When I was in the fifth grade, I became the first female altar girl at Blessed Sacrament Church in Paterson, New Jersey. That was probably my first and last contribution to the feminist movement (other than surviving as a female journalist in the misogynistic world of hip-hop for the past ten years). I’ve used Gloria Steinem as my compass—to not marry the wrong guy just to fit in with my unhappily married friends, to understand that no one will pursue my dreams for me so I have to (wo)manifest my own destiny, and most importantly, to drop her cool quotes like “Empathy is the most radical of human emotions” into my everyday conversation.
Last year, I attended “An Evening With Gloria Steinem” at William Paterson University, where Steinem talked at length about life as a woman and as a human being, in general. At the end of the evening, I stood by her limo like a creep and got a picture with her. I even look like a creep in the photo. The top button of my “is this what a feminist wears?” cardigan was buttoned, so I looked like Zorro. If you were fortunate enough to experience that photo, allow me to still apologize.
Anyway, on Tuesday, March 5, the 92Y hosted an event called “MAKERS: The Women Who Make America.” The evening arrived as part of a film series called MAKERS, where filmmakers Dyllan McGee, Betsy West, and Peter Kunhardt take individual women’s stories and place them in a long documentary that is chopped into vignettes on their website Makers.com. They have pieces with Oprah, Ellen, Gloria Steinem, everyone. Since March is Women’s History Month, I figured this would be an awesome event to attend. Also, Gloria Steinem was sitting on the panel.
The film MAKERS is narrated by Meryl Streep, and the first vignette that we viewed was about Kathrine Switzer, the first woman to run the Boston marathon as an actual registered runner, #261. We learned that during that time, women were assumed incapable of running a marathon, that their “uterus was going to fall out.” Switzer ended up completing the Boston Marathon in a little over four hours, despite some crazed media man trying to push her off the track. We then saw a few more vignettes, including two of the other ladies sitting on the panel: military equal rights advocate Anu Bhagwati and NYC politician Reshma Saujani. Famed activist Amy Richards led the discussion, and when calling the panelists to the stage, she described Gloria Steinem as a woman who “needed no introduction.” G-Stein strutted out in all black with a studded belt, looking like Beyoncé, and everything was just magical.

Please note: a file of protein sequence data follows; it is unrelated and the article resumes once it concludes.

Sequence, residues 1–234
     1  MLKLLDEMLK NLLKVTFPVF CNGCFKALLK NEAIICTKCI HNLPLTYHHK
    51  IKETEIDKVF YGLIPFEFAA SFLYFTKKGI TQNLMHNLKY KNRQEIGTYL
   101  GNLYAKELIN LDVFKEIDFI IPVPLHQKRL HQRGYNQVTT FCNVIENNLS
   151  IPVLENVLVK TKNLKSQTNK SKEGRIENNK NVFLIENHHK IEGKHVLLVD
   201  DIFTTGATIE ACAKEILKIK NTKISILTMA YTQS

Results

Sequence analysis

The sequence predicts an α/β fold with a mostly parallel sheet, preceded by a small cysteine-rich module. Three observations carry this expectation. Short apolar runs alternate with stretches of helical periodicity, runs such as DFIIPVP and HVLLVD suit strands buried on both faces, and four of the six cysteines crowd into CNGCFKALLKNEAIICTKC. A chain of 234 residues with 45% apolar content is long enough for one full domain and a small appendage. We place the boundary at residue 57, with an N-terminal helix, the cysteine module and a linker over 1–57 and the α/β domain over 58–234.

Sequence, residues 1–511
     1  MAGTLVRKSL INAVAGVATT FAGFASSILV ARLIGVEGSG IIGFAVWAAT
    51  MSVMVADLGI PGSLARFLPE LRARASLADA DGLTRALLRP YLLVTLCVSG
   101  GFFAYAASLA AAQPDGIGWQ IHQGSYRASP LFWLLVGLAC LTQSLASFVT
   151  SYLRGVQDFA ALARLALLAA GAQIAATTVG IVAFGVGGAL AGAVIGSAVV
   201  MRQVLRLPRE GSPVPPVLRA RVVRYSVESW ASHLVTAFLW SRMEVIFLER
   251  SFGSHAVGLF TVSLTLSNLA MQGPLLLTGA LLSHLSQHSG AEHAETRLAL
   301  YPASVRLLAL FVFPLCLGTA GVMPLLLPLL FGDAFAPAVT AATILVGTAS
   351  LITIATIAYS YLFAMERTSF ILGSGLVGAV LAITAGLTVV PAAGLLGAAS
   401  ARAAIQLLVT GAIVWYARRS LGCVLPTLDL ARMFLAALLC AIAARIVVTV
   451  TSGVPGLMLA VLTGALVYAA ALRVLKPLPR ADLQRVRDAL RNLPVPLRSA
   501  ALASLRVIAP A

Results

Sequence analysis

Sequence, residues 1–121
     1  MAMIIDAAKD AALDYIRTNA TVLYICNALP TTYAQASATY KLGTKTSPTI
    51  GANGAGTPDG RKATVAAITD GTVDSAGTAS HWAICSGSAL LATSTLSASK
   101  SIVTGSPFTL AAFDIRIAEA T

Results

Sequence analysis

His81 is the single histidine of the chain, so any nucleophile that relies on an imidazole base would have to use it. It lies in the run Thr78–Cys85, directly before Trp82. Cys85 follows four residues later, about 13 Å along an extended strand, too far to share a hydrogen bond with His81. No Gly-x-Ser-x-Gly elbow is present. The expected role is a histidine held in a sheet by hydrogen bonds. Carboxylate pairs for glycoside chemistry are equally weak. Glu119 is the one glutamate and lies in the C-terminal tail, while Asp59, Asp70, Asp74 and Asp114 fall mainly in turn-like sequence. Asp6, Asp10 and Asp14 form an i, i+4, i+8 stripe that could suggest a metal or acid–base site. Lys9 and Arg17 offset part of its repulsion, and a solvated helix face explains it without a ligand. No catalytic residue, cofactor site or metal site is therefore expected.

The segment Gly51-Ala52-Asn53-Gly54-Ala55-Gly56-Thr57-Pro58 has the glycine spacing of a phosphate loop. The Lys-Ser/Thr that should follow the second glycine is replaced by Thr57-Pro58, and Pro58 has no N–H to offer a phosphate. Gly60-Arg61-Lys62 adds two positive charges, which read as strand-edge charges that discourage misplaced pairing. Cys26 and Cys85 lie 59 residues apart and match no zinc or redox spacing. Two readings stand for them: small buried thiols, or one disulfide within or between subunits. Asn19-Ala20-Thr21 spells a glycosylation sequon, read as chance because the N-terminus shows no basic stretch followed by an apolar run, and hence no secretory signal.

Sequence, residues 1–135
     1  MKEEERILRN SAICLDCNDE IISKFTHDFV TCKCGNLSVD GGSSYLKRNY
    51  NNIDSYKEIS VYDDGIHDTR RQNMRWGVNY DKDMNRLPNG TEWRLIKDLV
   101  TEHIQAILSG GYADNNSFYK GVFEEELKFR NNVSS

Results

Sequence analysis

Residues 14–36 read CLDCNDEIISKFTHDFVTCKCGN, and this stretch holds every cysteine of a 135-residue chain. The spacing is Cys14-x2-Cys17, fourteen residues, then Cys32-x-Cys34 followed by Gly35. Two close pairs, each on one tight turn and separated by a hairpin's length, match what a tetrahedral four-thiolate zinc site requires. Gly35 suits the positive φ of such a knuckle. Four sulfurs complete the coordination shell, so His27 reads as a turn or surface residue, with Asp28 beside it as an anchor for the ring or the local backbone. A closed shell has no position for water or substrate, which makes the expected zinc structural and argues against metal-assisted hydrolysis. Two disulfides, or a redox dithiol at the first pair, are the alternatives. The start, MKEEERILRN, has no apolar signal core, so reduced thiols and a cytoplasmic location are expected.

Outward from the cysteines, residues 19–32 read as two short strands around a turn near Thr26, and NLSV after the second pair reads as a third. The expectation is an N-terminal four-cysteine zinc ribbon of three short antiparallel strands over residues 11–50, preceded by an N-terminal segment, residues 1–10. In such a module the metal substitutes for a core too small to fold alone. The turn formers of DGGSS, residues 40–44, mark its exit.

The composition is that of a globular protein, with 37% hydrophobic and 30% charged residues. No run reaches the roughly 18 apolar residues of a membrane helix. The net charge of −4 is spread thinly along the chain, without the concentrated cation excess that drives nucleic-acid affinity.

She had some amazing one-liners throughout the discussion like “Post-Feminism? Post-Racism? Excuse me?” when she was discussing the idea that people think the fight is over. She recalled how she wasn’t taken seriously after her exposé as an undercover Playboy Bunny for Show Magazine, titled “A Bunny’s Tale: Show’s First Exposé for Intelligent People.” While the piece even turned into a movie, Steinem still endured b.s. comments like, “You were a bunny, what do you know?” when she offered commentary on serious issues. A girl in the audience told her that her eighth-grade class included a whole discussion on her, and Steinem replied, “Good. Maybe you can help me understand myself.” Then some lady in the audience told this weird story about how she was marching for civil rights back in the day, and at the march, one of the people made a remark about women, and she turned around and said something against the civil rights movement. Then she asked Gloria for validation (after all these years), and Gloria was like, “Uh, don’t blame the civil rights movement for one asshole’s comment.” Someone asked Gloria how she should respond when asked to define “feminism,” and Steinem replied, “Send them to the dictionary.” She’s everything I want to be at 78 and more.
So then the panel ended. My friend Jasmine and I ran to the stage and got on this line of people waiting to meet Gloria. By the time it was my turn, some random lady tried pulling Gloria away, but no, King G wasn’t having it. She knelt down in her cool black outfit, flipped her strawberry-blond-with-flecks-of-gray hair and had a conversation with me. I won’t tell you what she said because it’s none of your goddamn business, but she changed my life and also signed my ticket and shook my hand. I didn’t remind her that I was the creep from last year, and I forgot to tell her how I changed the face of feminism by becoming the first female altar girl at Blessed Sacrament Church.
Oh well. I’ll tell her next time.